A nauseous feeling in the pit of my stomach was what I woke up to the next morning.
I’d considered waking early, maybe fitting in a run before I had to leave for school, but the sensation didn’t feel like one that could be cured by a remedy of physical exertion. Even last night’s recurring nightmares had morphed into something different; where they previously consisted of fire, usually ripping through the fabric of Cirque Mystique over and over again until I could no longer bear to watch, they’d taken to focusing on something much closer to home.
In the first, I’d been irreparably stupid, lagging miles behind the other students even in freshman classes. In the second, the same theme had been coupled with the ridicule of at least a thousand classmates, leaving me unable to walk down a hallway without being pelted by a shower of hard objects. The third had seen my mother as the teacher, a starring role in the worst of them all, deeming me so idiotic I seemed to lose the ability to speak at all.
It ended up being that the fourth, in which the classroom I was sitting burned down to the ground with more ferocity than the circus tent, actually felt like a mild relief.
When I woke, I went through the motions of getting myself ready: stumbling into the shower; brushing my teeth; pulling on the clothes most likely to help me blend into the background. I’d never given it much consideration before, but it appeared there was a whole art involved in escaping notice. I only hoped I’d pick it up quickly.
The glittering black leotard still hung in my closet, its flashy sequins standing proud against their unassuming neighbors. I let my fingers brush over the material, reveling in the feel of its sheer texture against my skin, as if this mere action would be enough to transport me back. Eventually I had to force myself to step away, shutting the closet with unnatural purpose.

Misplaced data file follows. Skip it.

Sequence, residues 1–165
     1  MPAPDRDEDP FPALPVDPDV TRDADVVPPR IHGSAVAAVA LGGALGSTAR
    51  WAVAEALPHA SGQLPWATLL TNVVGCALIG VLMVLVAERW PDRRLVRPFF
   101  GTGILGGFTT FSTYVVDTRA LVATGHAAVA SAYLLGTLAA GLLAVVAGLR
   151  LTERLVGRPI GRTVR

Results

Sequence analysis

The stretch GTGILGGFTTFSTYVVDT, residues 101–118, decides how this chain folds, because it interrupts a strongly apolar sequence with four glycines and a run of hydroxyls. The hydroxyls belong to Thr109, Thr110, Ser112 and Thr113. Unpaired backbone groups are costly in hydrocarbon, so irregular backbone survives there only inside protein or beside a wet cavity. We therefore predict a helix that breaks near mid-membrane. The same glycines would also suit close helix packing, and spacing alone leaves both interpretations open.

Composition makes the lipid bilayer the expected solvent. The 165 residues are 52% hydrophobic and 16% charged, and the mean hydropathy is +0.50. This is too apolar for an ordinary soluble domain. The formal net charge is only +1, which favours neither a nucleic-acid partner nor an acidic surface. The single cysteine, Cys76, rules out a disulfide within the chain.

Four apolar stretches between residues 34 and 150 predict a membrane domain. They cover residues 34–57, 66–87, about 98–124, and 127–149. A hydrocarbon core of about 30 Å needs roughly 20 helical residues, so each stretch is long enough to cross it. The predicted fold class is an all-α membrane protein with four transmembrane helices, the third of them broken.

“Good morning,” my mother greeted, when I ventured downstairs. Stood at the counter in the kitchen, she was piling an odd combination of ingredients into a blender. Among those were several eggs and a substance with the consistency of thick powder. “Health shake,” she explained, when she caught me staring.
“Got it,” I said, sliding into a seat at the table.
Several breakfast foods were already laid out on the surface, but my churning stomach didn’t seem up to any of them. Instead I opted for black coffee, though I’d always hated the taste.
I wasn’t really sure what had come over me. One month ago, I’d have put no doubt in my confidence, permanently settled into a frame of mind that told me I could handle anything. I spent my days dangling over a live audience, clinging onto a bit of rope with my bare hands, not even bothering with a safety net.
Corey Ryder was once effortlessly collected – almost as strong as I made myself out to be. And yet somehow, in the space of a few weeks, I’d become drawn into myself, threatening to crumble at the smallest opportunity. And I hated it.
I’d flicked through several pages of the brochure before I went to sleep, but they’d failed to give any real insight into what my life at Franklin was set to be like. Though containing all the information I’d ever need to know about what items of clothing were strictly prohibited from the dress code, it was lacking on any front that told me what high school would really be like.
“How are you feeling?”
I looked up, having not expected these words to be floating across the space of the kitchen, let alone from the direction of my mother. It was her first attempt at a conversation deeper than “Is chicken okay for dinner?”, which had been bound to come at some point, but that didn’t make it any less alarming.
YOU ARE READING
For seventeen-year-old Corey Ryder, life on the road is all she’s ever known. A trainee trapeze artist in her aunt’s circus, she’s never found herself in one place for more than a few weeks at a time. For her, it’s a way of life. But when a tragic a...